The USB Promoter Group announced USB4 2.0 on Thursday, a relatively minor but significant change to the existing USB4 specification. Simply put, it doubles the maximum bandwidth to 80 gigabits per second, tunneling higher bandwidth display and aligning it with newer DisplayPort and PCIe specifications.
USB4 2.0 devices still use the USB-C connector and remain backward compatible with USB4 Version 1.0, USB 3.2, USB 2.0, and Thunderbolt 3.
Where USB4 was limited to 40 Gbps, the new 2.0 version of the specification doubles that to 80 Gbps, using existing 40 Gbps USB Type-C passive cables and newly defined 80 Gbps USB Type-C active cables. The initial USB4 specification required DisplayPort throughput of 10 Gbps and provided optional passthrough of 20 Gbps, but the USB4 2.0 specification provides the faster speeds needed for today’s best high-performance displays.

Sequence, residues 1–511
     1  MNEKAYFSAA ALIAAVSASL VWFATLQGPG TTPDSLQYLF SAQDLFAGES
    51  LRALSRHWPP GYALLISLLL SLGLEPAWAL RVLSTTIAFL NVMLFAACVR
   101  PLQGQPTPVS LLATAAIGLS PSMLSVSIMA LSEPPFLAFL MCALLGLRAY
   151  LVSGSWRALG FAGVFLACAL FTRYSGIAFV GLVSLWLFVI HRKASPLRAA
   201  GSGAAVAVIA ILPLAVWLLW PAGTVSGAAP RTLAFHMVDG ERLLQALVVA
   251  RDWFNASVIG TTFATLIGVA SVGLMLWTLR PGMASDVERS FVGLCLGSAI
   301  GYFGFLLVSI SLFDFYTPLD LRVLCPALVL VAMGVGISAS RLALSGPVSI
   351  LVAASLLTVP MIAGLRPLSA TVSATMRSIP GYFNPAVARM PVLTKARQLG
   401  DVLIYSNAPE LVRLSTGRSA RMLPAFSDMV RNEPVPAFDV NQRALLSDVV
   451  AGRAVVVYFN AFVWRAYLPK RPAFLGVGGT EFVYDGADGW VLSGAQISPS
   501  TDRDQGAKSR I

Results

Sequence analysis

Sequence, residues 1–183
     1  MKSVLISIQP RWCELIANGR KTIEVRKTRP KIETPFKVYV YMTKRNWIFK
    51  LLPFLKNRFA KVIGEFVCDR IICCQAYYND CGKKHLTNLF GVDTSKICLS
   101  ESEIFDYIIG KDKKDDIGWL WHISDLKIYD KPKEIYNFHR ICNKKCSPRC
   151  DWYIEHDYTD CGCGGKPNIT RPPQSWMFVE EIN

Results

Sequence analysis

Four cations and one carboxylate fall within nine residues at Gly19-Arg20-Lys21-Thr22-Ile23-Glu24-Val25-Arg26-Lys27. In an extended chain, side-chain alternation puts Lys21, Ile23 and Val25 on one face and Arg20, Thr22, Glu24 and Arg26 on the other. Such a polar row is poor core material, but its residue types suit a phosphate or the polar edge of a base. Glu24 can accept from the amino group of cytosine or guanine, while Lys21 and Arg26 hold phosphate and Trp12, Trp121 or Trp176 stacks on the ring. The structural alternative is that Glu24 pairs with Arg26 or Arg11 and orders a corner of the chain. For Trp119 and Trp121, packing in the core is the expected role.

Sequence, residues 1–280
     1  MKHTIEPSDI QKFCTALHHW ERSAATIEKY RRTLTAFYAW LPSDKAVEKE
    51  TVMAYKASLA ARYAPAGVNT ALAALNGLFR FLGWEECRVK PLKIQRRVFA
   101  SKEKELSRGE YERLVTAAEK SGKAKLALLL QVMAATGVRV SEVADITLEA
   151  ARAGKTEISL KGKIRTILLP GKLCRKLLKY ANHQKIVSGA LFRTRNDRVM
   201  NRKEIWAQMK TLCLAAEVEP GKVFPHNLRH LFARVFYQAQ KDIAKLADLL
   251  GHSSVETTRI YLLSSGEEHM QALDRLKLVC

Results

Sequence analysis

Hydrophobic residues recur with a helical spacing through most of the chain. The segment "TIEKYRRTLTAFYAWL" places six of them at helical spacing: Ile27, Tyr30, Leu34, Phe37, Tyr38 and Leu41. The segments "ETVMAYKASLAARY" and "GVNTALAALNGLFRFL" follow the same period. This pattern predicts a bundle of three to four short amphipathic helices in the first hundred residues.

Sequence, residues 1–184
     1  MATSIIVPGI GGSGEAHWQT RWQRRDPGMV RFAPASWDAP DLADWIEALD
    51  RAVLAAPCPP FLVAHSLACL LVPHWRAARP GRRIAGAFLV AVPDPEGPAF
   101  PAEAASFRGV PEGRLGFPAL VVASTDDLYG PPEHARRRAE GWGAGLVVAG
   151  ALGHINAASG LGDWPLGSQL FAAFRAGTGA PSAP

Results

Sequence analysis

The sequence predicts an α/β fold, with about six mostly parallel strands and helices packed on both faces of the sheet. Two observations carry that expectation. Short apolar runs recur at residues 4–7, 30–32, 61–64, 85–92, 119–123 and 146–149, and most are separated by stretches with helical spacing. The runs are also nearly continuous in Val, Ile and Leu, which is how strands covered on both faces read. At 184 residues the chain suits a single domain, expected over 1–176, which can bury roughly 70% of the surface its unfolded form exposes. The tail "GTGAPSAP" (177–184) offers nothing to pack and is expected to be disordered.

When will we see USB4 2.0 ports on Macs? Apple usually supports these new standards fairly quickly: The USB-C ports on the current MacBook Pro, MacBook Air, and Mac Studio support USB4 along with Thunderbolt 3 or 4. Given the timing of this announcement and the relatively simple change involved. , it’s reasonable to expect USB 4 2.0 support on Macs that get substantial processor updates in 2023, probably from the second half.